“We have…more Nobel prizes…”
    Again your argument relies on the percentage of Nobel prize winners in science categories were brought up in the American education system. Could you please provide that information?

    I’m sure you understand the reliance your arguments have on these statistics and I trust your intellictual honesty, therefore, I’m sure you had this information on hand when you made those claims and so I assume it wouldn’t be much of a bother for you to provide sources.

    “Put that in your pipe and smoke it.”

    I don’t smoke.

    Finally, could you please explain the following which IS based on a National Science Board report in 2004:

    In 2000, 38% of U.S. jobs requiring a PhD in science or technology were filled by people who were born abroad, up from 24% in 1990, according to the NSB. Similarly, doctoral positions at the nation’s leading universities are often filled with foreign students.

    http://www.businessweek.com/te....._tc166.htm

  36. 36
    jerry says:

    Aaron,

    you said

    “In 2000, 38% of U.S. jobs requiring a PhD in science or technology were filled by people who were born abroad, up from 24% in 1990”

    Read the comment I made about my son in law. Ph.D. positions don’t pay as well as most private sector jobs. But they pay better than what foreign students can get at home so they come here. Meanwhile my son in law designed children’s toys which paid a lot more than any offers he had to use his Ph.D. degree.

    Also Ph.D’s do not have much prestige in this country while in many foreign countries educational success is at the top of the social scale. I cannot tell you the number of Ph.D’s I have met who do not want to be called Doctor.

  37. 37
    FtK says:

    Probably a stupid question, but if it’s true that other countries better educate their science students, why are they then flocking to the US? If the US is so backwards in science, technology, and output, why don’t they stay in their own countries? Money? We must have something to offer in the field of science if we attract those from around the world.

  38. 38
    FtK says:

    Thanks, Jerry. You answered my question as I was posting it.

  39. 39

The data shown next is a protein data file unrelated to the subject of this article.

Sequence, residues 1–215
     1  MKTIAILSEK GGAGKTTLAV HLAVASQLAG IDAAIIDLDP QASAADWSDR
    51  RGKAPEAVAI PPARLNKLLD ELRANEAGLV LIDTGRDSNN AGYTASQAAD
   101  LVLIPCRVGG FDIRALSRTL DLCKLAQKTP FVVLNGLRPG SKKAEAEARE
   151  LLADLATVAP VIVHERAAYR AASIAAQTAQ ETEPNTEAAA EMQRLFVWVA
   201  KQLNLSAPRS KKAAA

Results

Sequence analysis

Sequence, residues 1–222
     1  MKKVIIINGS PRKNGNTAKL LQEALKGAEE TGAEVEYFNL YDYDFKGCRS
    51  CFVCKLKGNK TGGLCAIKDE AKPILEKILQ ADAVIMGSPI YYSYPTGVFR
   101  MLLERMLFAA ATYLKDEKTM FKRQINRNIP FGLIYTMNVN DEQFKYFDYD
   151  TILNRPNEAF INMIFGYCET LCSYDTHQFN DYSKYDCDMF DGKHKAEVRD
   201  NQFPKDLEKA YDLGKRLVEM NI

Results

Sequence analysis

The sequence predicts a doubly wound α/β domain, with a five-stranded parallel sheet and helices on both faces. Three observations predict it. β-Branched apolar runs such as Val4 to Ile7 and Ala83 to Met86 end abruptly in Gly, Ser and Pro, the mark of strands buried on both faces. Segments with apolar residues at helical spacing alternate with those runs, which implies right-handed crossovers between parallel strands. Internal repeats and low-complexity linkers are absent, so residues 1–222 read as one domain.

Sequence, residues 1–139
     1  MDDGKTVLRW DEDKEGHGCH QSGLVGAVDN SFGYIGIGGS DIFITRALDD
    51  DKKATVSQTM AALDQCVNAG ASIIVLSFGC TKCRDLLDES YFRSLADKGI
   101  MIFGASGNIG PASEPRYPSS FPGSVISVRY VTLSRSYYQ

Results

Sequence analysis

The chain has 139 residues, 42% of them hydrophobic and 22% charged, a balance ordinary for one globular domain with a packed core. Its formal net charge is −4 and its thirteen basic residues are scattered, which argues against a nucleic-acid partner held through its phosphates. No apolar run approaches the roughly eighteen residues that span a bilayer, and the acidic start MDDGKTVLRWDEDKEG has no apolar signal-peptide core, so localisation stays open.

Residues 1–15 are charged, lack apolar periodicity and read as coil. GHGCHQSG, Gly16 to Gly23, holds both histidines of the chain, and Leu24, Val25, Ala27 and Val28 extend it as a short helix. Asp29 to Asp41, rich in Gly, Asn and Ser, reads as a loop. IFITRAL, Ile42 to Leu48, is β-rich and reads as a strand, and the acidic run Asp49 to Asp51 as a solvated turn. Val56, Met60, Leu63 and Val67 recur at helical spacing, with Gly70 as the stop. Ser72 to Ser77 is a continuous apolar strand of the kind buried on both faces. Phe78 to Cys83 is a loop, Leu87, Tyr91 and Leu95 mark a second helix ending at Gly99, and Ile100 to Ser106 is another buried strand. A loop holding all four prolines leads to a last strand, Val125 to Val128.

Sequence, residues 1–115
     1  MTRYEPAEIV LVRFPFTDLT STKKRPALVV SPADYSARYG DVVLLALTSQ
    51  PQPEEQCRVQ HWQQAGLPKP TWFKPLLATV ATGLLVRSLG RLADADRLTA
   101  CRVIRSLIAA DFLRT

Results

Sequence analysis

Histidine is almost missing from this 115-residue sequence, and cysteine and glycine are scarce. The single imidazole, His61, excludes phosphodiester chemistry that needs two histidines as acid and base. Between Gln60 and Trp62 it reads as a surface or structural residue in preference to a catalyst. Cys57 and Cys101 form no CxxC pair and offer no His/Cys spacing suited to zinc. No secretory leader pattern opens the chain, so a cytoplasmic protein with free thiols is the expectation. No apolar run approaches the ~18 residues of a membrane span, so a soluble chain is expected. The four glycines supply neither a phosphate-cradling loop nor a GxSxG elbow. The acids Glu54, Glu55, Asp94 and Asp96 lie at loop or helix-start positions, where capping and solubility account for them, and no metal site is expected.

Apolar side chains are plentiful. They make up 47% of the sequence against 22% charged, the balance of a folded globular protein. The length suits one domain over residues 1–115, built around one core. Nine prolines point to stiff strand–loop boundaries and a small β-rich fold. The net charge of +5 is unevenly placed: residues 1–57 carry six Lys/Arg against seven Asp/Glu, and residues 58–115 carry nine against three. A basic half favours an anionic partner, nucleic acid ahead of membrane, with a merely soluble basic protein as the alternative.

leo says:

    I think it is also worth noting that the majority of people working in the sciences, and therefore winning all the Nobel Prizes that you so covet (really a terrible gauge of the scientific literacy of a country) are the ones who have looked at the data and fall overwhelmingly on the side of evolution. That is apart form the many foreign born scientists who work in the US due to the huge amount of funding and resources, like our good friend Steve Pinker.

  40. 40
    larrynormanfan says:

    jerry, I don’t know what field your son was in, but physics is among the hardest in science to find a job. The biological sciences, where the action is, is much, much different.

  41. 41
    larrynormanfan says:

    FtK, jerry is right about the prestige issue. you also have to distinguish between undergraduate and graduate schools. You can get a superb undergraduate science education throughout the world, but most of the best science Ph.D. programs are in the States. Hence the problem of the foreign graduate student TA’ing in halting English to a group of American undergraduates.

  42. 42
    PannenbergOmega says:

    I agree with Frost, let’s allow the two theories to compete. That would include ‘teaching the controversy’ in public schools.

    It should be mentioned that there are many highly intelligent people (Denton, Schutzenberger, Von Neumannm, Polanyi, Godel) that thought Darwinian Evolution was absolutley rediculous. These people should be mentioned, because they are a far cry from Biblical Fundamentalists. Rather than bringing religion into the classroom, just mention the fact, that alot of legit scientists and mathimiticians sneer (or sneered) at Darwin’s theory.

  43. 43
    DaveScot says:

    Aaron

    Since you were the first to make an unsubstantiated claim I think it’s only fair that you be the first to spend time backing it up.

    You stated that you wouldn’t vote for McCain because he supports teaching ID in public schools and that U.S. students were already falling behing the world in science. I take it you meant to imply that teaching ID would worsen the scientific literacy of high school students exposed to it.